therefore sophisticated practitioners can invoke these effects to their
strategic advantage.19 In this way, framing can bias decisions in systematic
and predictable ways. For example, it may be possible to frame a favored
option in the most positive terms, or to position a preferred option against
much less desirable choices without including more attractive options for
consideration. This can be done in simple and subtle ways: favored options
are enhanced by easy comparison; nonfavored options are helped by com-
plicated comparison; additional options hurt similar choices more than
different ones; and so on.20
      Framing demonstrates the process by which certain prospects become
labeled as potential options while others are disregarded from considera-
tion. Indeed, there may be a systematic bias in the kinds of prospects that
are elevated to the status of seriously considered options; if this is so, such
additional biases in the decision-making process become worthy of atten-
tion and possibly intervention.
      Why is it that framing effects are considered to be counternormative?
The primary reason is that frame changes can elicit changes in preference
that violate rational choice theories requiring axioms of invariance to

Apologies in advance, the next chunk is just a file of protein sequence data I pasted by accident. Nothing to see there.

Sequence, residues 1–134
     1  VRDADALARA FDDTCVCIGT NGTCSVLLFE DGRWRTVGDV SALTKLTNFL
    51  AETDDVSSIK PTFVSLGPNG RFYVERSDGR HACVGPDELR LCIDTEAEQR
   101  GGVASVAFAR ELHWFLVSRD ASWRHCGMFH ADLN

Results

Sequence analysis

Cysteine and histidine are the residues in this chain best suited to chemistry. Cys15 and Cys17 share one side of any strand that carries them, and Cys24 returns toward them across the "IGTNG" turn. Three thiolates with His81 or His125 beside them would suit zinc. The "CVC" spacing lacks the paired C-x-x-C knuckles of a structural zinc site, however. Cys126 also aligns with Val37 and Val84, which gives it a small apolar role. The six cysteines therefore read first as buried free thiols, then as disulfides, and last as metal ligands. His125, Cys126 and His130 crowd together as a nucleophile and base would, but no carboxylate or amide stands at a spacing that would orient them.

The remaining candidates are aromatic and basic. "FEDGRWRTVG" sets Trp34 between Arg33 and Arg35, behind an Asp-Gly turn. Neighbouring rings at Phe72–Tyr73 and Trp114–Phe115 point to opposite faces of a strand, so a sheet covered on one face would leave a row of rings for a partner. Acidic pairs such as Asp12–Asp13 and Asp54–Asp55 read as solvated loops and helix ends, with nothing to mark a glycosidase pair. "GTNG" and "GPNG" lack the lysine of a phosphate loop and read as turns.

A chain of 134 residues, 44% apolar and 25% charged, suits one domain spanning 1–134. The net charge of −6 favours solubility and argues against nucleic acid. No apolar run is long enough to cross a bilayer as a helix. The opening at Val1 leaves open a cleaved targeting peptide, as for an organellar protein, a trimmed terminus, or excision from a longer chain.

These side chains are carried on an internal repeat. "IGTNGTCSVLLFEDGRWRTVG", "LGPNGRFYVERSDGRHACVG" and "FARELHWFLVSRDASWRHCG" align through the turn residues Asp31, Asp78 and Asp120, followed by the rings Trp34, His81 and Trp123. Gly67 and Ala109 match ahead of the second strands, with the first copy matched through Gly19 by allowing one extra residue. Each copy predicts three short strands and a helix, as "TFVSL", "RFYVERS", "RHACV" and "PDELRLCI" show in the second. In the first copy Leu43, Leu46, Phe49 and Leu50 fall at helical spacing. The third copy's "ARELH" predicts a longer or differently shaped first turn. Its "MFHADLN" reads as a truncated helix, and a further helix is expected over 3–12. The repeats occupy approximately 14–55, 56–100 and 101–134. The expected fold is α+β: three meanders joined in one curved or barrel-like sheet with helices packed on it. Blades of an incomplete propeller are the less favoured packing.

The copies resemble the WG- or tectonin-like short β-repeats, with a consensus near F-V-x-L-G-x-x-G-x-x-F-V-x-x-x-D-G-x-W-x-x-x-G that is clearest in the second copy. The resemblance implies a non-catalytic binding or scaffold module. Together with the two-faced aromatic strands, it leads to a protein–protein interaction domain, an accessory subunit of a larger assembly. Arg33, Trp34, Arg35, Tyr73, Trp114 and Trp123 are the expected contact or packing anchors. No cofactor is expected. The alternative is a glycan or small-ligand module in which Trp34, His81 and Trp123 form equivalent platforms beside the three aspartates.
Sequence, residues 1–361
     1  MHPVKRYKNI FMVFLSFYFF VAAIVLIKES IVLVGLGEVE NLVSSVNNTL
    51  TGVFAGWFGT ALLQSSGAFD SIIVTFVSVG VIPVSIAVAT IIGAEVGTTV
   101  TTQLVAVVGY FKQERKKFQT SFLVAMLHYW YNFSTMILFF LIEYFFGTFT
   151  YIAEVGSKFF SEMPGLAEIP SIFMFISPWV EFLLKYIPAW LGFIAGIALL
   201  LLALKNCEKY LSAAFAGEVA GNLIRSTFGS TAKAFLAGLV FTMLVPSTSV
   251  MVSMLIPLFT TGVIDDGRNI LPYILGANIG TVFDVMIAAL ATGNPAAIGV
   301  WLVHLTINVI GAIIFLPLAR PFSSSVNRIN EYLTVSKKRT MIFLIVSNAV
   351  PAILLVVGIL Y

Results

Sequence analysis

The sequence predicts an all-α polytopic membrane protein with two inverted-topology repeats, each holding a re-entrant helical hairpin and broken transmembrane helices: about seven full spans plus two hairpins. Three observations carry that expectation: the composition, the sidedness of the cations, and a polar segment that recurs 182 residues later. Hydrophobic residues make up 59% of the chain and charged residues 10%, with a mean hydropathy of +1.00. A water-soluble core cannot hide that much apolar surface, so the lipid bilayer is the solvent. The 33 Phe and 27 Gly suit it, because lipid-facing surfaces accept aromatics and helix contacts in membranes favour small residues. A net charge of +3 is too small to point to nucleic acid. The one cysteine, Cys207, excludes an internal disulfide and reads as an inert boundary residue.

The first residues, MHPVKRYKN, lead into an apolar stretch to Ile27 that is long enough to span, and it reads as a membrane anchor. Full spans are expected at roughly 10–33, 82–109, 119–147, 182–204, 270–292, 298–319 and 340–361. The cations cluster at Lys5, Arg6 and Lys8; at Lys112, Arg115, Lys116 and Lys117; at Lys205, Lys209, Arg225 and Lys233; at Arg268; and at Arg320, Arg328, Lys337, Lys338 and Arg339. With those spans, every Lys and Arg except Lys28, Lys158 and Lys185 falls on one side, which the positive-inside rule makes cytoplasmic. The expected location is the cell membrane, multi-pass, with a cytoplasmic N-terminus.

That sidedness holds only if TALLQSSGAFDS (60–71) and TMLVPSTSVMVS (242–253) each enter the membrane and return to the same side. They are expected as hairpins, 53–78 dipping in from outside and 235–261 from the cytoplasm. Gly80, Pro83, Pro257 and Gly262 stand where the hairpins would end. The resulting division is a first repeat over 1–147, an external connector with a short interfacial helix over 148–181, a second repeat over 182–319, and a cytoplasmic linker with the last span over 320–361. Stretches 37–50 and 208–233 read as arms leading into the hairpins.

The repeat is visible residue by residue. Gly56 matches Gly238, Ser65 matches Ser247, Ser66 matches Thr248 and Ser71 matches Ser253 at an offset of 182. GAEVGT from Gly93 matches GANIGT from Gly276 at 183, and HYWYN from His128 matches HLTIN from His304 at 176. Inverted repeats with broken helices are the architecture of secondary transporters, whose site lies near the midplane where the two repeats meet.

operate. With framing effects, people will make different choices based
solely on the order of presentation. In other words, the same decision can
elicit different choices depending on how the question is framed;21 this
‹nding is in total contradiction to any normative theory of decision mak-
ing. What is more, if people are shown that they were in›uenced by fram-
ing effects, they agree that they should not have been so affected by them.
      From the perspective of normative decision making, these ‹ndings
are disturbing. As Tversky and Kahneman write:

        [D]ecisionmakers are not normally aware of the potential effects of
     different decision frames on their preference . . . Individuals who face
     a decision problem and have a de‹nite preference (i) might have a dif-
     ferent preference in a different framing of the same problem, (ii) are